Dan Barnes looks at the uncertainties and potential costs posed by the dramatic restructuring of derivatives trading and processing.
Macroeconomic factors are making markets choppy in the second half of 2015. Trading is consequently a trickier business, with a tight partnership needed between dealers and investment firms’ trading desks if execution is to be effectively managed.
“Listed derivatives can take longer to trade because markets are more volatile,” says Adrian Fitzpatrick, head of investment dealing at Kames Capital. “That means the price to get business done can be slightly wider. Instead of being a couple of ticks it can be three ticks which percentage-wise can be a big thing. If institutions are working the order they can get it done, it just takes slightly longer.”
Trading over-the-counter (OTC) derivatives has also become more costly, although largely as a result of rules set out under the Dodd-Frank Act and the European Market Infrastructure Regulation (EMIR). These frameworks set out the plan for standardising contracts, introducing electronic trading where appropriate, and central clearing of OTC derivatives, all mandated by the G20 governments in 2009. Other jurisdictions such as Japan have made progress putting these plans into effect and even some non-G20 countries, such as Singapore, are viewing these standards as a benchmark for the global derivatives market.
However for participants in a global market the imposition of multiple different national or regional regimes, each slightly different is challenging. On 6 August 2015 the European Commission, under EMIR, made it mandatory for eligible OTC interest rate derivative contracts to be cleared through central counterparties (CCPs) in its jurisdiction, a process to be phased in over the next three years. That will align the European regime for OTC derivatives more closely with that of the US, which was introduced in 2013, however not perfectly.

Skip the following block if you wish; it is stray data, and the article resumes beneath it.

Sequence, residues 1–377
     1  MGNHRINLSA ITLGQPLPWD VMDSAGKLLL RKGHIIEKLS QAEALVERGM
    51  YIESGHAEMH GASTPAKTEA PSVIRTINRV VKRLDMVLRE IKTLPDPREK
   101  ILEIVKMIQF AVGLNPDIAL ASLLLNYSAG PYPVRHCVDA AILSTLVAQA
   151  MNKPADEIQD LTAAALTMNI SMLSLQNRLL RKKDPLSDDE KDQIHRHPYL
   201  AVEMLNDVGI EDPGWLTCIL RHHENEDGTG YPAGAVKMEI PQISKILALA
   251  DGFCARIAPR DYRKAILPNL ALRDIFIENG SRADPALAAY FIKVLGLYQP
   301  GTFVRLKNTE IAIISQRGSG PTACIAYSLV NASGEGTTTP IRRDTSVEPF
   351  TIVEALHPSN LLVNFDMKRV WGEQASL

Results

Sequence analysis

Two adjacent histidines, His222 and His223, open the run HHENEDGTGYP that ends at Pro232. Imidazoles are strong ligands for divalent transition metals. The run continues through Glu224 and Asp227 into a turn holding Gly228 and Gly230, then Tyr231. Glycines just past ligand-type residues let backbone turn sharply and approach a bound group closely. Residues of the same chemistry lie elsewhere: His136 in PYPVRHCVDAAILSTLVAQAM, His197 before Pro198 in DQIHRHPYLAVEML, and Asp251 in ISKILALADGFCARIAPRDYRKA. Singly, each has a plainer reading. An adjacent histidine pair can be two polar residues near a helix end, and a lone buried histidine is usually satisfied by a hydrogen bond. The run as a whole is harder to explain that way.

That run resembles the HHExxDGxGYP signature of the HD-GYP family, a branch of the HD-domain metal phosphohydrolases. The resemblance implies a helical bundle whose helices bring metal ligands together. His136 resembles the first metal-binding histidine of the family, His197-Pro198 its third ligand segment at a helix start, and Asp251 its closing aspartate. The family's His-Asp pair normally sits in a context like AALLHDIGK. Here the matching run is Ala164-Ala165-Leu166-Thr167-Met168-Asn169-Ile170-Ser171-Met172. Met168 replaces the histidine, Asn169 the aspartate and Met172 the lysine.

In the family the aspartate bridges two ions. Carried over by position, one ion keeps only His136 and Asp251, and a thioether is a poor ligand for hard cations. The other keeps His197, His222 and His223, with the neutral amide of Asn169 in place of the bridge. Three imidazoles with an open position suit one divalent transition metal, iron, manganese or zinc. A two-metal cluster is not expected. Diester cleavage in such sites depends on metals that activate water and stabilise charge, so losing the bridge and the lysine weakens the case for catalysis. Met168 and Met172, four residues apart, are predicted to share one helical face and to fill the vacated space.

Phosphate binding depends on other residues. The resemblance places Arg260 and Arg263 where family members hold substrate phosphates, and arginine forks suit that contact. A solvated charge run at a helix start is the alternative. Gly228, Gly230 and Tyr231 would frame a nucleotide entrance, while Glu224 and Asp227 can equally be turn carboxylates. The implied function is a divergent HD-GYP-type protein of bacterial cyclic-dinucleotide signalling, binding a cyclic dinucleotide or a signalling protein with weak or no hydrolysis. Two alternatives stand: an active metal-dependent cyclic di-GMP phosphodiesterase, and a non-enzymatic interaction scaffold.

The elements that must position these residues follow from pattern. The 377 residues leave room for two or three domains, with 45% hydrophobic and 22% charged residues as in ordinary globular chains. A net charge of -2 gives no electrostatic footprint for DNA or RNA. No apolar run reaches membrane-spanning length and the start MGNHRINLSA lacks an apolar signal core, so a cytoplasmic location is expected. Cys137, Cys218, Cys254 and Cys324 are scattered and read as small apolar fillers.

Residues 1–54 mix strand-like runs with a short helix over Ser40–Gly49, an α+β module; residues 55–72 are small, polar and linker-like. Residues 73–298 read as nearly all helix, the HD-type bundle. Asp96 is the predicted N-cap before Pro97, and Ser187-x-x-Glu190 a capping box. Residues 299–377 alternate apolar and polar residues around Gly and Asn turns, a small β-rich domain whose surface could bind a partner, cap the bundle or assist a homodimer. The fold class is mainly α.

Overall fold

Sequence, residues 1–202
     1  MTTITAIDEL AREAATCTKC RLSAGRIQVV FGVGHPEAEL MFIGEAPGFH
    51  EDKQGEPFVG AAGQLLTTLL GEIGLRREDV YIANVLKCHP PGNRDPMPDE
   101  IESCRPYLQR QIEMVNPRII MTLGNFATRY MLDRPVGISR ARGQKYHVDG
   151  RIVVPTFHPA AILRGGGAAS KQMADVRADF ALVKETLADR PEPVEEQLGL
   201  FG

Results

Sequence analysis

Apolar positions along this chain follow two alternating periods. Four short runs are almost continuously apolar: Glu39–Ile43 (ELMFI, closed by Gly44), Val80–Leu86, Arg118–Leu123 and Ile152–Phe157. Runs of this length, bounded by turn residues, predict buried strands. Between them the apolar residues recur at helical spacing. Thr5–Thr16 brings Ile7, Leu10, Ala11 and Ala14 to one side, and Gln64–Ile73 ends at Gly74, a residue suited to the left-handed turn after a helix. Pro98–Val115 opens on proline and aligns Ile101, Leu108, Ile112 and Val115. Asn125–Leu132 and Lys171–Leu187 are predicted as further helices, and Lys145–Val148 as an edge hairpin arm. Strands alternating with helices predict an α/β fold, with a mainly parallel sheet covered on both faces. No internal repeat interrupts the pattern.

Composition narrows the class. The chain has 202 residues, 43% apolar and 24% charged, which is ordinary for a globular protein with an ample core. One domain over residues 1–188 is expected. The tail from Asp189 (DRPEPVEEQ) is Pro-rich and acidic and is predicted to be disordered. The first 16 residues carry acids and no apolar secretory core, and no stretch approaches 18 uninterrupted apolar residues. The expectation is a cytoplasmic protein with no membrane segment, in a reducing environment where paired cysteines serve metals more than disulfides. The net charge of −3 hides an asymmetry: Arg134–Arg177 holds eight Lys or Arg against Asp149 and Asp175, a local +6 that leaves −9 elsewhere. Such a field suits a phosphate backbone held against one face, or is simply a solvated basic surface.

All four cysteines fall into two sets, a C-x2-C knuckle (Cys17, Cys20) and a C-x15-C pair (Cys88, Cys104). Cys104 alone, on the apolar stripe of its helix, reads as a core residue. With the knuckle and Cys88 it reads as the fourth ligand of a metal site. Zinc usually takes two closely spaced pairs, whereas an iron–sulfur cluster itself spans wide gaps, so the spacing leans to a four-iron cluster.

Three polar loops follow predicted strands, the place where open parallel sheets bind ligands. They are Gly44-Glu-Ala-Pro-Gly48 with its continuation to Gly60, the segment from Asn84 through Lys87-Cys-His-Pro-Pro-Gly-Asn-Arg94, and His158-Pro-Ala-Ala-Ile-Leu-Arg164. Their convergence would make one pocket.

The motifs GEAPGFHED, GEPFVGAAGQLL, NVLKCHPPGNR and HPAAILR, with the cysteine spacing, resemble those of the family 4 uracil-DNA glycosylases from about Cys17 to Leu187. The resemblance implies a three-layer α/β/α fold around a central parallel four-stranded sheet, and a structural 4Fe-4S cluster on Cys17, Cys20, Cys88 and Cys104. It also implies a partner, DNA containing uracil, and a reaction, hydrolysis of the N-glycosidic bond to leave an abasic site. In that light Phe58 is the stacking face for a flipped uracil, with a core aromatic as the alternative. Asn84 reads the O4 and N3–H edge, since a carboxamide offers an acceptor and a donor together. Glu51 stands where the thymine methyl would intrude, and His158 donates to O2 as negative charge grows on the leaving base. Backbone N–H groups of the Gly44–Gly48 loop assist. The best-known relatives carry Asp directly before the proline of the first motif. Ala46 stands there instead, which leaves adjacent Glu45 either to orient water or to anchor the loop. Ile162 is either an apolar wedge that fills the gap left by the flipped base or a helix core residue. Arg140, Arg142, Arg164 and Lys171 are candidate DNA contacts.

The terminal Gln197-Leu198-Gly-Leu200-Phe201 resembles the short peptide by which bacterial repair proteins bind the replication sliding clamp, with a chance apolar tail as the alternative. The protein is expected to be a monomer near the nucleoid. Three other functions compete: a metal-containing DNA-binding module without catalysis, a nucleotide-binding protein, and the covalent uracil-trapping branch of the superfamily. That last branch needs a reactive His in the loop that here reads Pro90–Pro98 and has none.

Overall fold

“What is yet to be clarified is how the different regulatory regimes of Europe and the US will interplay,” says Sam Topper, head of operations at credit hedge fund JPS Alternatives, part of J.P. Morgan Asset Management. He adds “That is where there is a lot of uncertainty in the clearing landscape. Right now US clearing can be mandatory for eligible instruments, but European clearing is not. When both become mandatory, to what extent will there be equivalence?”
Wedded to the Basel III capital adequacy rules that have broadly increased the cost of capital for investment banks, the irregular nature and uncoordinated timing of trading and clearing rules for OTC derivatives between jurisdictions have thrown the capacity of banks to provide services into disarray.
Several sellside firms planning to offer clearing services, including BNY Mellon, State Street, Nomura and Royal Bank of Scotland, have withdrawn from the market in the last couple of years. BNY Mellon noted in an October 2014 statement, “EMIR mandatory clearing has been pushed back to late 2015 or early 2016, delaying the expected expansion of the over-the-counter clearing business, which was a key element of our derivatives clearing strategy.”
In Europe and the US central clearing is already a market consolidating around five to ten clearing members, reducing competition on pricing. There are considerable costs involved in the process. Initial margin, a deposit held by the CCP against the value of an OTC swap, will have to be paid in high quality fixed income assets or cash. Variation margin, to account for any change in the value of a contract, will typically have to be paid in cash. Those instruments need to be sourced and funded using existing assets.
For dealers that are still involved in the clearing space the challenge of accurately determining their returns from clearing services has limited their capacity to support clients in a transparent manner. When asked about the validity of the prices they have quoted in their EMIR disclosures, several tier one brokers found serious problems in determining their actual range of prices. One was unable to determine who was responsible for the disclosed prices. The spokesman at another said, “The disclosed prices are simply not prices we would charge” while another said, “our charges have since changed” but was unable to say what they had changed to.